As much as 95 percent of the budgetary allocation for the current financial year (2015-16) was exhausted by December 30, 2015. Further, as per the Ministry of Rural Development and Ministry of Finance calculations, state governments require at least an additional Rs.6,300 crore to pay wages and other expenses.
 
The drought-affected states of Odisha, Madhya Pradesh, Karnataka, Andhra Pradesh, Telangana and Uttar Pradesh will provide 150 days of employment-against the normal 100-but there is no extra money evident, from Delhi or in their budgets.
 
Finance Minister Arun Jaitley’s budget for MGNREGA may not be enough. Under the devolution recommendations of the 14th Finance Commission, India’s states have been given more money, and hence more powers, to decide how they want to finance social welfare.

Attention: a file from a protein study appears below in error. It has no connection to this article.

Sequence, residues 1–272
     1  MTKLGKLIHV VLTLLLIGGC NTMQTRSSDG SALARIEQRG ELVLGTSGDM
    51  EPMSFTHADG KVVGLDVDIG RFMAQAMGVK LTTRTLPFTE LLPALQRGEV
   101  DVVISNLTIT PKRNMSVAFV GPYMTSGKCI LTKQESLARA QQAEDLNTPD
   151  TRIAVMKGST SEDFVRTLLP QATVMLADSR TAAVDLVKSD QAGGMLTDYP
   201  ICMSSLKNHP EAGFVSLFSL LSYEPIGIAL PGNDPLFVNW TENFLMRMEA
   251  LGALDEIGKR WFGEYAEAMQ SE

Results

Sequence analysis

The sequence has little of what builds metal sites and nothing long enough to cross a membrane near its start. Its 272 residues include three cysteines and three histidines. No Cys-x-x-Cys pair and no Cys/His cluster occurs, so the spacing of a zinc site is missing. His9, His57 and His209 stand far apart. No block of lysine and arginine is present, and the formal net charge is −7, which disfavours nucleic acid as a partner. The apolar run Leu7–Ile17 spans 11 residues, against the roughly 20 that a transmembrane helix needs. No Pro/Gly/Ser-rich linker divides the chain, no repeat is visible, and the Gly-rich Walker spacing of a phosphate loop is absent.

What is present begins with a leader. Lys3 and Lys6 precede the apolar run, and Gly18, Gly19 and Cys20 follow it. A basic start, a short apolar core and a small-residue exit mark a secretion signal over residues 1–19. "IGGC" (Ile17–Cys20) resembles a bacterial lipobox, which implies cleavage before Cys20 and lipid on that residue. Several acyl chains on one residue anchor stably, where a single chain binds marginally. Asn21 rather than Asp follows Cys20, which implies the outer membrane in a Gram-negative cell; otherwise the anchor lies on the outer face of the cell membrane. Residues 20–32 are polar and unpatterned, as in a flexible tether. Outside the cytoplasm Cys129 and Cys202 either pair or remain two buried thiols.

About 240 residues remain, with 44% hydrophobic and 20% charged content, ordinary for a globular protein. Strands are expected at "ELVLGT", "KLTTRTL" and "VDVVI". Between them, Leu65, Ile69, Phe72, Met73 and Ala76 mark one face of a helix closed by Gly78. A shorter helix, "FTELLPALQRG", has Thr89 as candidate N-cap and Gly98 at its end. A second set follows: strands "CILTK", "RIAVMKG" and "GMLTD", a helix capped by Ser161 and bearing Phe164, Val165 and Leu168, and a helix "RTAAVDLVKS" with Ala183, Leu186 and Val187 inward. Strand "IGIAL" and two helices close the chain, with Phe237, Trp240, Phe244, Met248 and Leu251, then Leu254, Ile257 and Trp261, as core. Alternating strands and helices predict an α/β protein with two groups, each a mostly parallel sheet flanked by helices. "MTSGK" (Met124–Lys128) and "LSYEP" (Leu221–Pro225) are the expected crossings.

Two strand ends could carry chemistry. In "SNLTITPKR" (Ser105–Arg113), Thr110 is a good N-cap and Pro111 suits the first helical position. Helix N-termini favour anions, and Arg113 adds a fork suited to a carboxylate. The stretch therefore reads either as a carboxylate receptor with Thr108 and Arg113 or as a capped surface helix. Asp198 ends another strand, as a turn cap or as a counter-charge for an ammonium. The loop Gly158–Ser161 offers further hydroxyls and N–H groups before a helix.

The erstwhile Planning Commission had 66 centrally sponsored schemes, reduced to 30 under the NITI Aayog, the body that has replaced the Planning Commission. MGNREGA is one of these 30.
 
Even though the central government has transferred social welfare to the states through “devolution” (transfer of powers-fiscal or administrative-from higher level of government to lower level of government), it will pay for important programmes, such as NREGA and rural roads.
 
Jaitley said in his budget speech: “In spite of the consequential reduced fiscal space for the Centre, the government has decided to continue supporting important national priorities such as agriculture, education, health, MGNREGA, and rural infrastructure including roads.”
 
Disclaimer: Information, facts or opinions expressed in this news article are presented as sourced from IANS and do not reflect views of Moneylife and hence Moneylife is not responsible or liable for the same. As a source and news provider, IANS is responsible for accuracy, completeness, suitability and validity of any information in this article